5 Things In Tech You Missed This Week – 4/2/16

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(This post originally appeared on Forbes)

Here are five things in technology that happened this past week and how they affect your business. Did you miss them?

1 – The FBI hacks into the San Bernardino shooter’s iPhone without help from Apple AAPL +0.90%.

Per Forbes’ Matt DrangeInvestigators for the FBI have hacked into the iPhone belonging to one of the San Bernardino shooters on their own, lawyers for the government told a court and asked a judge to end their high-profile case against Apple. In a two-page filing, the Justice Department told the court it has “successfully accessed the data” on the phone. ”The government … therefore no longer requires the assistance from Apple Inc. mandated by the Court’s Order” that would have required Apple engineers to bypass basic security measures that come installed on its iPhone 5c.

Why this is important for your business:

Uh-oh. Looks like the government doesn’t need the tech industry’s help to get to our personal and private information, do they? Just remember that whatever “confidential” business information you think is safely stored…it’s probably not as safe as you think.

2 – Instagram extends its video length to 60 seconds.

Per Forbes Kathleen ChaykowskiWhy does a 60-second limit make sense? It’s all about optimizing viewership metrics, according to Sephi Shapira, CEO of performance mobile advertising firm MassiveImpact. “It’s about keeping users in the feed,” Shapira said, describing one-minute as Instagram’s magic number. “Unlike YouTube where users jump from video to video, Instagram wants users to finish videos.”

Why this is important for your business:

More metrics will support Instagram’s continuing ad expansion. And if the metrics make sense for this demographic, you might very well be enticed to spend some marketing money with Instagram. And that could be good for them…and you.

3 – KLM will use Facebook FB +1.70% Messenger to help customers check in and make changes.

Also from Forbes Kathleen Chaykowski: Facebook Messenger and KLM Royal Dutch Airlines announced a partnership that allows KLM travelers to check-in, receive flight confirmation, access boarding passes, receive check-in reminders, get flight updates and make flight changes through live customer service chat without leaving the Messenger app. The tools will work wherever KLM and Messenger operate, Facebook said. Facebook plans to partner with additional airlines down the road.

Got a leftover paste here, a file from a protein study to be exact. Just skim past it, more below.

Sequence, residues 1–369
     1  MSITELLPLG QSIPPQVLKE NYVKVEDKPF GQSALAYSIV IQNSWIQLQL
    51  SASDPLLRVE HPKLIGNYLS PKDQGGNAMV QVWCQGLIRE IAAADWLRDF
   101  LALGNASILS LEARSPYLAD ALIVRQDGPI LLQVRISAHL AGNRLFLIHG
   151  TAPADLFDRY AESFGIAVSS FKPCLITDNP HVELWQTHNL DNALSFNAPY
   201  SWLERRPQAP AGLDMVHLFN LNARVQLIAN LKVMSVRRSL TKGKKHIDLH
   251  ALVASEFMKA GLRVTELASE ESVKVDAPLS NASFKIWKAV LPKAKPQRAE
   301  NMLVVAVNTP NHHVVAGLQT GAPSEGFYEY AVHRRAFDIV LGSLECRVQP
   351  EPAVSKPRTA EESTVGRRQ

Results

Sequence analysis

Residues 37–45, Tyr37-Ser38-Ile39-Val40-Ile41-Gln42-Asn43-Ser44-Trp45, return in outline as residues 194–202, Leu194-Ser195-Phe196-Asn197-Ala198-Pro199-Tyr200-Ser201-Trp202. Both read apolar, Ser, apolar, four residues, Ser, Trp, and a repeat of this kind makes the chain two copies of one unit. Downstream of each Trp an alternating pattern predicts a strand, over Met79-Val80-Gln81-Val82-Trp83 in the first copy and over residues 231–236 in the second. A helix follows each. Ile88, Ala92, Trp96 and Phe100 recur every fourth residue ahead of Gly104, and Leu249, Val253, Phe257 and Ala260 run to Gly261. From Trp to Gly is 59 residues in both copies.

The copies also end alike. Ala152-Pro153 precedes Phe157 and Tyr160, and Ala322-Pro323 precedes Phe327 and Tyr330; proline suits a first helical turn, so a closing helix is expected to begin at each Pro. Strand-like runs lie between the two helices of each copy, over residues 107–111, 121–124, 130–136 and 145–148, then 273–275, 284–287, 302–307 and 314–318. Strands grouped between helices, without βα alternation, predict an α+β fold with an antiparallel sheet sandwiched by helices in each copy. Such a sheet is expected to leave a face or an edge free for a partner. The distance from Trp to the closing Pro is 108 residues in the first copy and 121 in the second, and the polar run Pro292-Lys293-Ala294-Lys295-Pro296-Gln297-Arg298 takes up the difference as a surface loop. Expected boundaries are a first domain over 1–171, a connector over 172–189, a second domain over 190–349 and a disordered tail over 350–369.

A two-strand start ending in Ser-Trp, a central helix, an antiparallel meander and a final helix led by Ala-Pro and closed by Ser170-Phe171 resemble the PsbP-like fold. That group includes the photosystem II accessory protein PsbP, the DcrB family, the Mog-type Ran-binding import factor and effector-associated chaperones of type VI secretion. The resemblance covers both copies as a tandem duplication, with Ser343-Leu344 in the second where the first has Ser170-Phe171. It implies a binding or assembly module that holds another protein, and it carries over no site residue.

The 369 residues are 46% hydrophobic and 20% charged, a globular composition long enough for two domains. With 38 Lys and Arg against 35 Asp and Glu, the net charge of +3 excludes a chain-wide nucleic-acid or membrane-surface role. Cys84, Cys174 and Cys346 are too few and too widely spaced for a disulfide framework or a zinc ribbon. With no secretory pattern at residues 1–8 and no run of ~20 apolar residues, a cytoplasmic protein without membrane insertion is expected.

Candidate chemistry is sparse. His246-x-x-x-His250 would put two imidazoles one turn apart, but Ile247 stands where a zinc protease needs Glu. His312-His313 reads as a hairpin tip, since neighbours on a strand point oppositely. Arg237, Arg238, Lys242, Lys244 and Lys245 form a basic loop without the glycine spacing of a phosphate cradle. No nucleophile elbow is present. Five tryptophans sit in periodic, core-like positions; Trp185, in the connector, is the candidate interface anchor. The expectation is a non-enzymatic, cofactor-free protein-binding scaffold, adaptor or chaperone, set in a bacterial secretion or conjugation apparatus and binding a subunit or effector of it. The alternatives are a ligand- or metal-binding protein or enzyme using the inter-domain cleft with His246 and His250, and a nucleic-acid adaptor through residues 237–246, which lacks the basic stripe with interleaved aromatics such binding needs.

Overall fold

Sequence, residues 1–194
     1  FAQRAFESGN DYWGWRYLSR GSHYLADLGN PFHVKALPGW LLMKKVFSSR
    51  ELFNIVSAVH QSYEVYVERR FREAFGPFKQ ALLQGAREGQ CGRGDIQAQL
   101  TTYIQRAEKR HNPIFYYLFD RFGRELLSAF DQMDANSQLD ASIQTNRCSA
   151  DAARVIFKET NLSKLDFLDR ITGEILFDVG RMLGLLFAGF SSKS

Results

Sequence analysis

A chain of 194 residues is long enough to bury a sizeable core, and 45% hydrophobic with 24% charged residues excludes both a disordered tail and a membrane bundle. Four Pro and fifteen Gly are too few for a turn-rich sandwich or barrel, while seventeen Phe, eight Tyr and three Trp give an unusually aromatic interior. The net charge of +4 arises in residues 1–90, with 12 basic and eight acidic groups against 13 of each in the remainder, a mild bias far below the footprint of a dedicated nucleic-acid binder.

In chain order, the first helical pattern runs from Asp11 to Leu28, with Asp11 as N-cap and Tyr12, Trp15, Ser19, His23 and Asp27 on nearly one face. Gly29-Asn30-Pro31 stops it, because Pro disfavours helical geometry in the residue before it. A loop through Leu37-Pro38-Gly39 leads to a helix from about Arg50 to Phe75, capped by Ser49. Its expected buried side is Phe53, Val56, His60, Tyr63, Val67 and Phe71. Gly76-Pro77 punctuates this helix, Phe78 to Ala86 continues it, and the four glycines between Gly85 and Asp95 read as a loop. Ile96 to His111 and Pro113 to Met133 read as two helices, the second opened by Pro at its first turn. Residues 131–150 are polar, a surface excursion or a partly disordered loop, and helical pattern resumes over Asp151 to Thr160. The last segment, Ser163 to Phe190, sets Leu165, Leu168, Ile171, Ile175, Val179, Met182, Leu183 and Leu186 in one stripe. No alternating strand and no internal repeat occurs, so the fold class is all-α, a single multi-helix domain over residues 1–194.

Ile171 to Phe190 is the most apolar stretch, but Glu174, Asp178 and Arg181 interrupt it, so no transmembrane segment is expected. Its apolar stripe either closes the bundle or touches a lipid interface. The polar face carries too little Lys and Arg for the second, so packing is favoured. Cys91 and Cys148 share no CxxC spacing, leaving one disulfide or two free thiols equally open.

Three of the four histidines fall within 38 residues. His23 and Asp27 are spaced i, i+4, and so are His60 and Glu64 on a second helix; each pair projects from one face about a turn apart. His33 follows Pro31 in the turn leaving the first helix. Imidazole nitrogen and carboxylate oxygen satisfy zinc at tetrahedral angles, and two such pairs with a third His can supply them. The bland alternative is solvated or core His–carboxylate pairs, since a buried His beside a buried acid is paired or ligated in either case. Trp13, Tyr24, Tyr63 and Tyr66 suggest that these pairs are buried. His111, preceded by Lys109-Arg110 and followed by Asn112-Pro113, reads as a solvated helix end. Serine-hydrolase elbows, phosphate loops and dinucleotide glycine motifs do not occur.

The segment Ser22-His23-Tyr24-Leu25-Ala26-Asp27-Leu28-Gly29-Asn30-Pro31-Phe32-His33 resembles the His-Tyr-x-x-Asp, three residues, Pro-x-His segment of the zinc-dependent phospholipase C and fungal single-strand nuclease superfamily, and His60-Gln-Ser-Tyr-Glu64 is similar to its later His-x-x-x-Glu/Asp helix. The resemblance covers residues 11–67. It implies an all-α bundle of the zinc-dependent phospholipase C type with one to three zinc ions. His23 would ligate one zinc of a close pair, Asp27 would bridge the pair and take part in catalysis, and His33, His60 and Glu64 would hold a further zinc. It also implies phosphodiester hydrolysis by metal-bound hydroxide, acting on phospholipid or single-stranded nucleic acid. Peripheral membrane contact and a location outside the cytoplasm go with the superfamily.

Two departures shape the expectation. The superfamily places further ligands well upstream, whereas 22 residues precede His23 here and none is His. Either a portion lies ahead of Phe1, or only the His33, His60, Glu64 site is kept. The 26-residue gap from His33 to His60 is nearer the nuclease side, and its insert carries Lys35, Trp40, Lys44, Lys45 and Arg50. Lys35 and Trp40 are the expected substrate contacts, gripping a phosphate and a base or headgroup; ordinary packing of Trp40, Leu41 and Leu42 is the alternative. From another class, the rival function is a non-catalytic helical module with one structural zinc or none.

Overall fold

Why this is important for your business:

Notice something about Facebook Messenger? It’s not just a messenger service anymore! It’s quickly turning into a platform for accepting data, completing transactions and engaging with a company’s customer service database. If your business has a significant community on Facebook, then you should look into potentially using the Messenger platform to further grow revenues, just like KLM.

4 – A new survey shows that 83% of small businesses are “rocking it” in 2016 by doing more email marketing.

From AWeber, an email marketing firmThe survey of 1,600 respondents shows that businesses are rocking their email marketing efforts in three key ways: by tapping into email automation, honing in on their subscriber relationships, and simply doing more by sending more. More specifically, highlights from the survey data show: 83% plan to increase their use of email marketing in 2016 versus 2015, 45% say the email marketing strategy they’re most excited to try is automation (automating emails based off of subscriber actions and attributes) and the top three areas where businesses are dedicating their email marketing energies are (1) subscriber growth, (2) converting subscribers into paying.

Why this is important for your business:

You see it and you know it – and this survey confirms it. Email is not dead. Far from it. And your business should continue to make it a significant part of your marketing efforts.

5 – Microsoft MSFT +0.57% is betting on bots.

From Forbes’ Aaron TilleyMicrosoft says it will first bring automated chat capabilities to two of its marquee products, Skype and Outlook. In a demo, Microsoft showed how easily a developer could build a chatbot. With a few simple instructions, a company like Domino’s, for example, can put together a bot to order pizza using natural language. In another demo, Skype, in combination with Cortana, understood that the user was about to take a trip to Ireland and launched a chatbot from the upscale Westin hotel chain, allowing the user to book a room without ever leaving Skype. “We envision a world with more communication tools,” the compay’s CEO Sataya Nadella said “We want all these conversation tools to become rich canvasses for computation.”

Why this is important for your business:

Bots will be an enormous part of the way your online customers engage and transact business with you in the future. You’ll need to make sure your web team is incorporating this technology in the days to come if you want to stay ahead of the competition. Of course, given Microsoft’s most recent experience with one very infamous Twitter bot this past week, there’s still some work to be done!

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